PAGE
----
Our Most Important Rights

Over the upcoming weeks and months, we will be inundated with news, polls, legal battles, accusations, and denials, almost nonstop. And political ads, especially the kind where black is called white, and blue and red become green and yellow — when the truth is difficult to see and hear because so much combative messaging continually clashes and warps our ability to clearly see a pathway to a peaceful, harmonious world. And those of us with serious needs having to do with our disabling conditions will hardly be able to get in a word edgewise.

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Election years are always stressful, but 2024 may truly be a pivotal point in our nation’s history. We hear this every election year, but so much is at stake in our present circumstances. Never before have our priorities as people with disabilities been so important to our future. True, our needs are not usually considered the same as “the nation’s needs,” but if we do not speak out forcefully for our basic rights, no one else will.

Our Dependence on Basic Everyday Rights

Most of us take for granted that we have the right to vote and will always be able to exercise it. It is our one equal right that is guaranteed to secure all of our other rights. Yet due to extreme combativeness between our two major political parties, we now have a mostly dysfunctional Congress where political divisions are super-heated, and the absence of compromise and cooperation threaten to shut down the government itself. Major spending bills must continue to be passed to give us guaranteed access to health care, transportation, caregiving, affordable durable medical equipment, and the latest assistive technology. More than any other voting group, we as seriously disabled individuals must depend on some or all of these services and equipment in order to live our daily lives.

So much has changed since the passage of the Americans with Disabilities Act. Much of the change has been for the better, but the one thing that has changed for the worse is that both parties can no longer agree on our basic priorities or even our right to them. One party is threatening to defund or slash Social Security programs and the Affordable Care Act, both of which are vital to our everyday living.

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n 1990, by contrast, the ADA passed with overwhelming support from both parties. The final vote count for the Senate and the House combined was 468 in favor, 34 opposed, and 30 members not voting.

We must not only exercise our vote as individuals but also as a major voting bloc. This is something we have failed to do in the past, and not because we lack the will. What we lack is political power and the full support of the American public. A recent overwhelming major Rule change by the Civil Rights Division within the U.S. Department of Health and Human Services finally passed guidelines mandating our right to equal healthcare and accessible medical equipment under Title II of the ADA (hospitals and facilities that receive government funding), but Title III providers (privately funded) still get a pass, and the U.S. Chamber of Commerce still opposes such mandates for all privately owned businesses. What other minority group faces such blatant discrimination?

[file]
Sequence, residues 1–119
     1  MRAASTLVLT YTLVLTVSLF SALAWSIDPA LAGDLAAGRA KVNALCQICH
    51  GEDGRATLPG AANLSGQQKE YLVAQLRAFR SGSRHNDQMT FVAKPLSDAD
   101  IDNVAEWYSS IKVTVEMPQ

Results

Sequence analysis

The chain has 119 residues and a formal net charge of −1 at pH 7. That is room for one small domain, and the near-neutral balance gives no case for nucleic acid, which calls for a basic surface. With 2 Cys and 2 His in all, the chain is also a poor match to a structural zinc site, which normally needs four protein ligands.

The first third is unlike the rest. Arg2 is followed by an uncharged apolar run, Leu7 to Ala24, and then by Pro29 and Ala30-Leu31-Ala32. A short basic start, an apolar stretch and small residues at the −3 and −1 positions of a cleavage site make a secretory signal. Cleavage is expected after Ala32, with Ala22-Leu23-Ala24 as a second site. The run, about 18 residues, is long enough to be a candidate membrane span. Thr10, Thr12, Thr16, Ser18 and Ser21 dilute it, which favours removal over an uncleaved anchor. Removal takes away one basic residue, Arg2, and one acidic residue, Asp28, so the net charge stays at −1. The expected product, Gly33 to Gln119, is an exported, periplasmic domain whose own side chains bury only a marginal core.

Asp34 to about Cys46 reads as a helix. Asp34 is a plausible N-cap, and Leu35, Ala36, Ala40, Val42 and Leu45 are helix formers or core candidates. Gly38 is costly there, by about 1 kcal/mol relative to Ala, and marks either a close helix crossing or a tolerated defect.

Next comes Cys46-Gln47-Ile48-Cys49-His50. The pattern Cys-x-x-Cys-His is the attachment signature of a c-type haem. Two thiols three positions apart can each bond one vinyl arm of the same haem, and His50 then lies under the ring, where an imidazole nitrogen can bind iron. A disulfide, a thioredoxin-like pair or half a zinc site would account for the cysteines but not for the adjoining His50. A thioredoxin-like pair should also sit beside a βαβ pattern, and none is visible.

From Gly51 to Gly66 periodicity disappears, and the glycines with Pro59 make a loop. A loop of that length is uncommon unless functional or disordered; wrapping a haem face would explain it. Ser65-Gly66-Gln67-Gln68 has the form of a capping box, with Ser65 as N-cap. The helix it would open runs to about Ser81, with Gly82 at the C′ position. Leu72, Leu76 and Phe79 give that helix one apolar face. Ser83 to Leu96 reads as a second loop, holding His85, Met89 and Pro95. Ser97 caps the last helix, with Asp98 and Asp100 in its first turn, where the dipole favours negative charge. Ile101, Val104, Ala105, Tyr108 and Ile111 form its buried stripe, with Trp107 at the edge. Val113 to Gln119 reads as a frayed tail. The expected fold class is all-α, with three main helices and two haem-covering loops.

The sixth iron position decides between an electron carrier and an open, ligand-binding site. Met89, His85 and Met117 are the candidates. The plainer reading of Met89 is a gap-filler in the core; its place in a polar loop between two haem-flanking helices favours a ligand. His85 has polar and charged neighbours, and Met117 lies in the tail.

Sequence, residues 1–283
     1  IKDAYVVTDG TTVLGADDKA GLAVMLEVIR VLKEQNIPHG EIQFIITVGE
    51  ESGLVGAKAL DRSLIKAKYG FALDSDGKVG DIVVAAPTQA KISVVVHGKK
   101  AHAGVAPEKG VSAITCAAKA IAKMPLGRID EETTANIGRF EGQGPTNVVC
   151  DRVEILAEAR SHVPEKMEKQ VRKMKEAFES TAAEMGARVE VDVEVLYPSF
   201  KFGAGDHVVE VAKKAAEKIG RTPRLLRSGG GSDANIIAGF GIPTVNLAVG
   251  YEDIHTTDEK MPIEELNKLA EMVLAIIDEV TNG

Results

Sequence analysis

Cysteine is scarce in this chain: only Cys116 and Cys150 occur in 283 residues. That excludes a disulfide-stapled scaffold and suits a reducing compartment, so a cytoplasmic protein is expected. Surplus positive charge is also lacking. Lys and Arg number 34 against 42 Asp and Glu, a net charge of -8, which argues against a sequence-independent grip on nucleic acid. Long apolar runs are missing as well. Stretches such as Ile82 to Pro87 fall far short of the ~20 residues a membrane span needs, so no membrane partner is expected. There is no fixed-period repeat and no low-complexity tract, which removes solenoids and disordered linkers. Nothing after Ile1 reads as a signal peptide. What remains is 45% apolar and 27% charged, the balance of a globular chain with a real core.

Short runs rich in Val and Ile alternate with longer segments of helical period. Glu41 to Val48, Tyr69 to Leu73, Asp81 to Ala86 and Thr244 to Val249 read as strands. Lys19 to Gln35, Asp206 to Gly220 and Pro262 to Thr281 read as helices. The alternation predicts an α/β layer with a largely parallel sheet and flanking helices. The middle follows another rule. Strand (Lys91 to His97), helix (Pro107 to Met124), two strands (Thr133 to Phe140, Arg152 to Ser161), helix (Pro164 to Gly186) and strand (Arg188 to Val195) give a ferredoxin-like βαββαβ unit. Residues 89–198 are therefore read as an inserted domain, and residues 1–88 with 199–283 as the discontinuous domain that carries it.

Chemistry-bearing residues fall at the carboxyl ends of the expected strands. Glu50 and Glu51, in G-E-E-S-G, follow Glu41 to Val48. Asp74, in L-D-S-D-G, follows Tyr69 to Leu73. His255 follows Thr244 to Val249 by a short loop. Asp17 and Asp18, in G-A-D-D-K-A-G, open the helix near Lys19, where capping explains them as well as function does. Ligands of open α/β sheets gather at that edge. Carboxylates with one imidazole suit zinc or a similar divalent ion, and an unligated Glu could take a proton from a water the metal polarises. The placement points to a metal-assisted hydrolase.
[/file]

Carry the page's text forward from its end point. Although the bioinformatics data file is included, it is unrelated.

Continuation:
We need to act as a unified group to protect our rights. Our numbers are growing. Even the most conservative estimates say we now comprise between 40 and 50 million, almost identical to that of Black Americans. Some say our numbers are greater than this. It is incumbent upon on us to put pressure on our disability leaders such as the Christopher & Dana Reeve Foundation, United Spinal Association, American Association of Disabled Persons and others to aggressively advocate for our rights and to form coalitions to gain power.

And that means each one of us needs to speak up.


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About the Author - Tim Gilmer

Tim Gilmer graduated from UCLA in the late-1960’s, added an M.A. from the Southern Oregon University in 1977, taught writing classes in Portland for 12 years, then embarked on a writing career. After becoming an Oregon Literary Fellow, he went on to join New Mobility magazine in 2000 and edited the magazine for 18 years.

Tim Gilmer

The opinions expressed in these blogs are the author's own and do not necessarily reflect the views of the Christopher & Dana Reeve Foundation.

The National Paralysis Resource Center website is supported by the Administration for Community Living (ACL), U.S. Department of Health and Human Services (HHS) as part of a financial assistance award totaling $10,000,000 with 100 percent funding by ACL/HHS. The contents are those of the author(s) and do not necessarily represent the official views of, nor an endorsement by, ACL/HHS, or the U.S. Government.